To assemble the razor, first put a new razor blade between the comb and head, making sure to line up the holes in the blade with those in the comb and head to lock the blade in place. Then it’s a simple as screwing the head to the handle, just be sure to tighten the screw as much as possible to prevent the blade from moving.
A Quick Note on Blades and Razors
When it comes to how to get the closest shave, your choice of razor blades will have just as much of an effect on the end result than your choice of shaver. That being said, there’s still no reason to skimp and choose the cheapest safety razor, as a high quality one could last you a decade or more, so make sure to choose one that’s slightly heavy (it gives you a better feel), fits comfortably in your hand and that seems sturdy and well-built. Although most safety razors have fixed blades, if you’re looking for a bit more control, you can go with a razor that lets you adjust the amount of exposed blade. You’ll also need to decide whether you want a long or short handled razor, although this really won’t make a difference in terms of the quality of the shave, so it’s more of a matter of which feels more comfortable in your hand.
As far as the razor blades, you shouldn’t have a problem finding blades to fit whatever razor you buy, as there’s a universally standard size and shape. However, there is a huge difference in quality and sharpness between the different brands and blade types—mainly due to the quality of the metal used, which determines how sharp the blade will be. The gold standard are the ultra-sharp “feather” blades produced by a number of Japanese companies, which are perfect for anyone with thicker or more coarse facial hair. Just be careful, as these babies are sharp and can make you bleed for hours if you’re not paying attention. Here is a great article on my favorite blades!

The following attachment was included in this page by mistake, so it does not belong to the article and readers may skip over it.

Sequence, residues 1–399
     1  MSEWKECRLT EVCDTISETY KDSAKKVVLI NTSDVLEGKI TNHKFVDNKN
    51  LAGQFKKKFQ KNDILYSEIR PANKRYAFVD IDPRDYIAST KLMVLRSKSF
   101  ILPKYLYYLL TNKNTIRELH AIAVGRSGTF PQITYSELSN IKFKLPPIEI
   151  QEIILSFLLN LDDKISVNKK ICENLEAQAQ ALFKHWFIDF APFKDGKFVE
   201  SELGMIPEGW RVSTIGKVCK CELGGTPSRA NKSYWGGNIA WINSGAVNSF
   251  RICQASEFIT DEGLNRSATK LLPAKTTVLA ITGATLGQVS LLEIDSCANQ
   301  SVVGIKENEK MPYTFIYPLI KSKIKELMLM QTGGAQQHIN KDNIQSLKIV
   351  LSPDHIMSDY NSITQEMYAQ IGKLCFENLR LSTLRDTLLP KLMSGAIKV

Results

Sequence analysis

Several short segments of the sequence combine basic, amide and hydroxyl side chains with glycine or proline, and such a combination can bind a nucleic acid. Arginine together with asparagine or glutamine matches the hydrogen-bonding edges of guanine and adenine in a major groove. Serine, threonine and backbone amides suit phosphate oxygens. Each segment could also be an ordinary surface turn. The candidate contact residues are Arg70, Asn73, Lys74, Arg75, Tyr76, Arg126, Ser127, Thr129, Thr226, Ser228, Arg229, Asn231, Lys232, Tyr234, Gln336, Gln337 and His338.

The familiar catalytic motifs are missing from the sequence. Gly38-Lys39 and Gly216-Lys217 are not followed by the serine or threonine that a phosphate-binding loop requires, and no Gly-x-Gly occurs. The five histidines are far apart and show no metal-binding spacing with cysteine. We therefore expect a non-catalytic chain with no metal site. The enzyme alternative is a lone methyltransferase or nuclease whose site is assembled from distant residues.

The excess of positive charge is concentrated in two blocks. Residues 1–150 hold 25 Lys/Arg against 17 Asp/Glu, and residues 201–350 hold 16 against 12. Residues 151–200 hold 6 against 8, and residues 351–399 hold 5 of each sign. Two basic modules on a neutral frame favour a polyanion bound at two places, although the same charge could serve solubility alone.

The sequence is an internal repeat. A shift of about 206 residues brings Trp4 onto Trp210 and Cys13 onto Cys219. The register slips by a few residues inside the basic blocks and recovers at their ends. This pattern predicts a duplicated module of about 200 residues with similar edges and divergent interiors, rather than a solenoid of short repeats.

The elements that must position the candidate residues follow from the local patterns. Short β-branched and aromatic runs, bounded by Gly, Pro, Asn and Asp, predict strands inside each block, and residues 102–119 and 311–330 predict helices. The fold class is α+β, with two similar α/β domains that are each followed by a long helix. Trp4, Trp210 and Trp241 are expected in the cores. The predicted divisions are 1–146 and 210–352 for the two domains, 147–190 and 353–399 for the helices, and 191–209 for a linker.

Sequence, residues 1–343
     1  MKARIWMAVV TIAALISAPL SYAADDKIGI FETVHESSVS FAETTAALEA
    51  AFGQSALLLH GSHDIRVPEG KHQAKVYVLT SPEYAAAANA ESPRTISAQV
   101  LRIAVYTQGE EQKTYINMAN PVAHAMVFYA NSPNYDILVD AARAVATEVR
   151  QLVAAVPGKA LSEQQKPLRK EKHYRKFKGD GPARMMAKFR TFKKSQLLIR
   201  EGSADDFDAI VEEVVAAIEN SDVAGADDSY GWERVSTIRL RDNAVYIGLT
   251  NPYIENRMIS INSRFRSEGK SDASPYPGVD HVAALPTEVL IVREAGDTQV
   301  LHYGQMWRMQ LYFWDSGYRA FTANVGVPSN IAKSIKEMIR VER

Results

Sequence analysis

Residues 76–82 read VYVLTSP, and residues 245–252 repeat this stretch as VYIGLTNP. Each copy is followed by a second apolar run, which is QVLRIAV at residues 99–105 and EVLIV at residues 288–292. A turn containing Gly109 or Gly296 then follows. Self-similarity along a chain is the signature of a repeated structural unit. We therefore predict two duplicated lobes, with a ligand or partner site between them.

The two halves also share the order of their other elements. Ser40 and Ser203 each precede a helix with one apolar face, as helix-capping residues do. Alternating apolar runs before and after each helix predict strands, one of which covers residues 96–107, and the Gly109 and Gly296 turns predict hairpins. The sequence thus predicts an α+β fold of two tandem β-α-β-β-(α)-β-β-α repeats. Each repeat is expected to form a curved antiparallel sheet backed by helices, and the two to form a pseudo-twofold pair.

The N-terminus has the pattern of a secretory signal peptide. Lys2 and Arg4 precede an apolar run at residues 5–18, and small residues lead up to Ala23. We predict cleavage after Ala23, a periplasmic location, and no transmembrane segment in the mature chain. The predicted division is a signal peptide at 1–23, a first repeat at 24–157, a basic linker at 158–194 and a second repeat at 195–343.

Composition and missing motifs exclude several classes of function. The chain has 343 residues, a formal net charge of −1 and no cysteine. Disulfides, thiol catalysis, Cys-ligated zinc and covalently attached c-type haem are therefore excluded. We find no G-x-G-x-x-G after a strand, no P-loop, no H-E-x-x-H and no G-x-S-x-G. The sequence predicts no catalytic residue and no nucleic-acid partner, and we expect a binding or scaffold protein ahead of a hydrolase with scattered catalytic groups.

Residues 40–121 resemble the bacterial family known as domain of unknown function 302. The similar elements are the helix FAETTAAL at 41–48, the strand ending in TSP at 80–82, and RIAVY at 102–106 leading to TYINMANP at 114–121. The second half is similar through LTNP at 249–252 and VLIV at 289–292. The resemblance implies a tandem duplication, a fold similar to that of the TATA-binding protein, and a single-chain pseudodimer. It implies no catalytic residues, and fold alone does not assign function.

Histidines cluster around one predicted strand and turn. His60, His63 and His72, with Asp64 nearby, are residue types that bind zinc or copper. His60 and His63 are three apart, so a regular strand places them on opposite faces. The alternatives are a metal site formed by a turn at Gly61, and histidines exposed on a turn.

How to Get the Closest Shave- Getting Your Face Ready
One of the most important things to know before using a safety razor (or anything other than an electric shaver) is to how to wet shave. This keeps your face lubricated, which allows the razor to more smoothly glide over the face and helps to prevent cuts and razor burn. Many men think they understand what is wet shaving, but the truth is most of us simply splash a bit of water on our faces before getting started, real wet shaving requires a bit more preparation and work.
However, before we get to exactly how to wet shave, it’s first necessary to quickly look at the preparing your face for shaving to help get a closer shave. The biggest key to a close shave is to open up the pores and soften up your facial hair with either a warm shower or by wrapping a warm, wet towel around your face for 5-10 minutes. It’s also a good idea to wash your face with an exfoliating soap before shaving, as this will help remove dead skin cells and results in a much closer shave. You may want to use a pre-shave oil or cream to help keep your face better lubricated as well, just make sure to look for something as natural as possible, as this will be less harsh on your skin. We have tested practically all the pre shave oils and come up with this list of the best ones.